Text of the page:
All Politics Is Local – Except Birmingham

As the south and mid-western states gear up for Super Tuesday, the Alabama legislature and Governor Robert Bently voided a move by the Birmingham City Council to raise their minimum wage to $10.10 per hour.

I confess, I too was busy watching the primaries and anticipating visits by campaigners, Donal Trump, Marco Rubio, and Hillary Clinton to Alabama, and Huntsville, this weekend in advance of the Super Tuesday next week. So, I wasn’t paying much attention to the Birmingham story.

advertisement

Apparently, the legislature and Robert Bently fast tracked a bill blocking Birmingham’s attempt to require a minimum wage knowing it was under the subterfuge of the elections. This kind of dirty politics is different from a legitimate filibuster like the Republican block of a Supreme Court replacement.

I’ve seen the ordinances passed in other bigger cities and didn’t pay much attention simply because I figured due to their larger size it was something different than we would likely see in Alabama.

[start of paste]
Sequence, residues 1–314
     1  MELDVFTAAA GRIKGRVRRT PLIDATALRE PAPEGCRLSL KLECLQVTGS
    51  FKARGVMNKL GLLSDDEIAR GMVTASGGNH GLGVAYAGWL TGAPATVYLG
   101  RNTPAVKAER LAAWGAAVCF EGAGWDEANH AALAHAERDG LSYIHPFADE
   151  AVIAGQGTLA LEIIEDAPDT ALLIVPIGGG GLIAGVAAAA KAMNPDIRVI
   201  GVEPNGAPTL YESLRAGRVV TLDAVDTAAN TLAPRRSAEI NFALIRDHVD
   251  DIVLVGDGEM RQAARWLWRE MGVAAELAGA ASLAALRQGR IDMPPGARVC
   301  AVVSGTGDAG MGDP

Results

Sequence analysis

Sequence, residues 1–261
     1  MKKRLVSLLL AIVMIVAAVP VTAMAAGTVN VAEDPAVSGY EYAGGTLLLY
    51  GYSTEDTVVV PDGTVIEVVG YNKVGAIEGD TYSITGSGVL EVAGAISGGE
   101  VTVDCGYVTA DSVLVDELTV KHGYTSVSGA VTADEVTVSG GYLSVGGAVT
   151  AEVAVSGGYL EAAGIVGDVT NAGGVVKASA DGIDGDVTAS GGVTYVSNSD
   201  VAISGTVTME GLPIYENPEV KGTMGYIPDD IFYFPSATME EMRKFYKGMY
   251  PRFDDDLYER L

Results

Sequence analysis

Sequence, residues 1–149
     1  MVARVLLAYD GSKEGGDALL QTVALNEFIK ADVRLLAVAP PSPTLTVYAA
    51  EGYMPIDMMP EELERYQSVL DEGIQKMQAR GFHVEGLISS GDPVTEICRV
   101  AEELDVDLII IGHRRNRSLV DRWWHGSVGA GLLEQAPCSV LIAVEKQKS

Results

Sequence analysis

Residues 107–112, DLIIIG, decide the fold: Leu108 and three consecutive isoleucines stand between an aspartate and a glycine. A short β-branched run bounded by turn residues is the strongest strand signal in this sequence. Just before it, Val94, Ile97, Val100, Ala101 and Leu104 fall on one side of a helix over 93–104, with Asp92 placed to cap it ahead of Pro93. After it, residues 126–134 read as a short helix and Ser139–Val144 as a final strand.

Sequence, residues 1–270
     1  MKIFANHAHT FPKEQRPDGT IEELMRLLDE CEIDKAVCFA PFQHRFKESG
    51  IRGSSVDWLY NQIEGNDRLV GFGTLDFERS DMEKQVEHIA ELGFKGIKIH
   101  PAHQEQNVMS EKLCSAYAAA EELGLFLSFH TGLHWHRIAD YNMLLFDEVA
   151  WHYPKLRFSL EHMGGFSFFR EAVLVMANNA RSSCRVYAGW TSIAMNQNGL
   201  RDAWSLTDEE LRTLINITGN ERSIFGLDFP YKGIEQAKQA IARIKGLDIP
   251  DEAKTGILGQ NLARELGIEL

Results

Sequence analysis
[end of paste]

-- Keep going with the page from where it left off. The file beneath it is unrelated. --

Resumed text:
When I first saw the story about Birmingham, it didn’t seem right, somehow. Then I got to thinking about it and I have to wonder why not?

State big-wigs say it will cost jobs. But, the Birmingham city council is made up of experienced and intelligent elected officials. If anyone is concerned about the success of Birmingham business and jobs it surely is them.

In states like Alabama you all the time hear about decentralizing the federal goverment in favor of ststes rights. You would think state law-makers would extend the concept to allow cities like Birmingham to manage their own business. If the concept, which has been successful in other large cities doesn’t work well for them, then the stage will be reset soon-enough from the inevitable attrition of time and inflation. Why not?

When I first heard of the idea of local minimum wage, I thought it might not be a good idea. On the national scale, a large regional schism between economies with different costs of living and standards could lead to currency valuation and stability problems. Birmingham’s move would only serve to level that larger playing field. Why not?

Once again it would seem that stupidity, greed, and a hidden plantation agenda has thrown Alabama back into the woods of Hicksville. Hay, Bently, WHY NOT?


&Copy; 2016 – Jim Casey
rssrss mailFacebooktwittermailFacebooktwitter
Nearby Links
  
Responsive Menu Image